The major catch with the JR Pass is that it must be purchased before you enter Japan. It is meant for foreigners who are visiting Japan to go sightseeing. You must prove to an authorized sales agent that you are not a resident of Japan and you will receive an exchange order that you use to redeem for your pass once you arrive in Japan. For us this meant visiting a JTB USA Office in San Francisco and then picking up our passes at the JR East Travel Service Center in Narita International Airport. The process itself was painless but required some time and energy a couple weeks before we left.
What about the cost? A ticket on a Shinkansen from Tokyo to Osaka can cost anywhere from ¥13,000 to ¥20,000 depending on the quality of the train which means a round trip would cost ¥26,000 to ¥40,000. At the time of writing this that would be approximately $230 to $360 US dollars. A seven day JR Pass can be purchased for as low as $260. That means you could not only do a round trip between Tokyo and Osaka for less but you would also have unlimited use of local transportation in both of those cities.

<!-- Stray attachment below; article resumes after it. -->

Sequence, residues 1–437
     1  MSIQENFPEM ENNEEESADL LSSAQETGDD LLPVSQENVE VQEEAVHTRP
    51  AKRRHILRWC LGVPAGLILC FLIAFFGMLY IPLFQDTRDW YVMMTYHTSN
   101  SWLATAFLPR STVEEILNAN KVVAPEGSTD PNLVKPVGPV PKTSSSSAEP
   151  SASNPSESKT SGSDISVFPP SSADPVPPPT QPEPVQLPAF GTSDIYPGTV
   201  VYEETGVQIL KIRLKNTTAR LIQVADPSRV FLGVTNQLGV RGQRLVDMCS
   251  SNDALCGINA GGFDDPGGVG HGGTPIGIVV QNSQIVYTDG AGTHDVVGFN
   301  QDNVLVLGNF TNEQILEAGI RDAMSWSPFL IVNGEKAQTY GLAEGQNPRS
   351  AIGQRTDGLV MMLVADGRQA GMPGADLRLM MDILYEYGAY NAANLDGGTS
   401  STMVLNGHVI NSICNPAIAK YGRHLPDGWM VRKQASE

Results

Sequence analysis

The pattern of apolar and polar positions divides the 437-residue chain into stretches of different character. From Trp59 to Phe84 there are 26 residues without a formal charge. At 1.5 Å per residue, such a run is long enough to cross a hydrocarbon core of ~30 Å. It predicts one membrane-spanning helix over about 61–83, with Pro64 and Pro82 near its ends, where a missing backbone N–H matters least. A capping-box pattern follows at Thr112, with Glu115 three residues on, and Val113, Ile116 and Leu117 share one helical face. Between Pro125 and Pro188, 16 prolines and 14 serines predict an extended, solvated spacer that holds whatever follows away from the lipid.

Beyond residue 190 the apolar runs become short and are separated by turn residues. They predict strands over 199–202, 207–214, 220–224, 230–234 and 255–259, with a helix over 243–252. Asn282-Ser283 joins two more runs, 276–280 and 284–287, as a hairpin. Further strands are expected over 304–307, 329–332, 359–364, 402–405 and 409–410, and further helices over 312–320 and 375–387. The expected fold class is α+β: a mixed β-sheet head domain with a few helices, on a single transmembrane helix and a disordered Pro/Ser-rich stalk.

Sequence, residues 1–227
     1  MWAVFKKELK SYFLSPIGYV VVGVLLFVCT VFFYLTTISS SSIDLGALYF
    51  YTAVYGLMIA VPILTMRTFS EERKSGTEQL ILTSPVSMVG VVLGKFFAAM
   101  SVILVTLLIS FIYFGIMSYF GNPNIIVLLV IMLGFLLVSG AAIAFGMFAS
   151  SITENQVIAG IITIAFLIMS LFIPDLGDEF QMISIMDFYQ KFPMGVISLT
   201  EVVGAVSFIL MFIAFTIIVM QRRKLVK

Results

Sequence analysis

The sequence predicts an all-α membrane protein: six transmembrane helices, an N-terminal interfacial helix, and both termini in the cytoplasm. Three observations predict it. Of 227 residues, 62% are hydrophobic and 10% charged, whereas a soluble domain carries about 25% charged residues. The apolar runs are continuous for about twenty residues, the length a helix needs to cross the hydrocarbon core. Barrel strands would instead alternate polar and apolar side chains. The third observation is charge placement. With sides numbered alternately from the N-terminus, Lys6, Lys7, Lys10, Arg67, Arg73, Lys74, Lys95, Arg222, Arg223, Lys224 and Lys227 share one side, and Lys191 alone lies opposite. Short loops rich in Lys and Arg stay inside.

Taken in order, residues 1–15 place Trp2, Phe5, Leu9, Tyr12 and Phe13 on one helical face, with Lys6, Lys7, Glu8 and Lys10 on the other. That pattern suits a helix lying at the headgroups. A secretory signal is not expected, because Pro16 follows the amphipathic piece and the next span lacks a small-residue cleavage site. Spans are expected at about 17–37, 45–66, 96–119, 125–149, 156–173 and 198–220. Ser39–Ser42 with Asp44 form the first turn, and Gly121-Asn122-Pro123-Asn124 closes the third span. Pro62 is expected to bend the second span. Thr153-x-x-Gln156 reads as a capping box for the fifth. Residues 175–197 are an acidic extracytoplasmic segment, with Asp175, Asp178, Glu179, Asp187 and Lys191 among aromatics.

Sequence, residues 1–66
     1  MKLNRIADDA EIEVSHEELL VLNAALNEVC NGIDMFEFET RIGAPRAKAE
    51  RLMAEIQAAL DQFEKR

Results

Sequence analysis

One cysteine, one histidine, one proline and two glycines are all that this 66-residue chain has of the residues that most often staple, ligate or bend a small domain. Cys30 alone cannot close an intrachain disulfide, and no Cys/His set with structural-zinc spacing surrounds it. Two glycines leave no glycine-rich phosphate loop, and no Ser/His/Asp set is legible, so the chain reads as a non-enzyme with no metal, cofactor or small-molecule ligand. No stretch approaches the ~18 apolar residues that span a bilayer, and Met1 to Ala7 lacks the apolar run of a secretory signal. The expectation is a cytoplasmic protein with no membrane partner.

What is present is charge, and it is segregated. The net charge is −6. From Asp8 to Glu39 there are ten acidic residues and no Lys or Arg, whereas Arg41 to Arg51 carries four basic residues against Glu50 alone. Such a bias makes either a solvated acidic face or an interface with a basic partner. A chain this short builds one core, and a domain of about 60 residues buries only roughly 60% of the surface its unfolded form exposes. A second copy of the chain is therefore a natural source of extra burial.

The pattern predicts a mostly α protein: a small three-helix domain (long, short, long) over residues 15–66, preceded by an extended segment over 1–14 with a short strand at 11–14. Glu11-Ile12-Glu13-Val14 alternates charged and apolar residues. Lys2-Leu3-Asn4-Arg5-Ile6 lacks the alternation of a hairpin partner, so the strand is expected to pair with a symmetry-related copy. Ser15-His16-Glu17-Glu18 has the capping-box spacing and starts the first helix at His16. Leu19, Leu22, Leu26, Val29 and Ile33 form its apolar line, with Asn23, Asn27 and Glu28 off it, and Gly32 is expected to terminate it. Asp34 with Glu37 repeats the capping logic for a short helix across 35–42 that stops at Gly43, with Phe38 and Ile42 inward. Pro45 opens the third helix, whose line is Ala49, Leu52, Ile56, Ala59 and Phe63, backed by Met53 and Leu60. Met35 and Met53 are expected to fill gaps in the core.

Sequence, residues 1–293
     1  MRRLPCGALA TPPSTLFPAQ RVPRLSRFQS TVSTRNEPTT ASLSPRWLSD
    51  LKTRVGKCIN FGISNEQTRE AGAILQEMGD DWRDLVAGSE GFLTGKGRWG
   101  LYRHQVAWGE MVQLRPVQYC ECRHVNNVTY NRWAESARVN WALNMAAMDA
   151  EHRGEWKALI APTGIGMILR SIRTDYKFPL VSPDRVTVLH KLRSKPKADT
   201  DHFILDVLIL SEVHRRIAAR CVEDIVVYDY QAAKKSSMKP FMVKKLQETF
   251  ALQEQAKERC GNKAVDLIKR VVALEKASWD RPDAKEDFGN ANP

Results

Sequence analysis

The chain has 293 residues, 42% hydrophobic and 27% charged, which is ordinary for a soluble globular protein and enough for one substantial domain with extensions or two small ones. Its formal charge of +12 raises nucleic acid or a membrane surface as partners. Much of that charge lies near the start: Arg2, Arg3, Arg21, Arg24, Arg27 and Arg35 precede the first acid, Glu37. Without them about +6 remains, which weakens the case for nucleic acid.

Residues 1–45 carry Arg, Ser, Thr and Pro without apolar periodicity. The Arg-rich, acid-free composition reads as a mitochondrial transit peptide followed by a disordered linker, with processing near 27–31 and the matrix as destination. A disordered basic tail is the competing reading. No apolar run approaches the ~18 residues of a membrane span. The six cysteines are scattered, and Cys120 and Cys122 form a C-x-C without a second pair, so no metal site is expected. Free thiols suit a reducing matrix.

For our 14 day JR Pass we spent $410 and not only did we take the Shinkansen between Tokyo and Kyoto but we also took local JR trains to Kobe, Nara, Osaka as well as making judicious use of the Tokyo subway system. We would have spent over $800 per person based on all the traveling we did. We also had the peace of mind of knowing we could just flash our JR Pass and and get wherever we needed to go.
The long and the short of it is that the JR Pass will be useful for nearly every second of your stay in Japan. Perhaps if you are not traveling too far from where you are staying the JR Pass will not be cheaper than purchasing tickets/passes inside Japan but that perfectly segues into my next tip...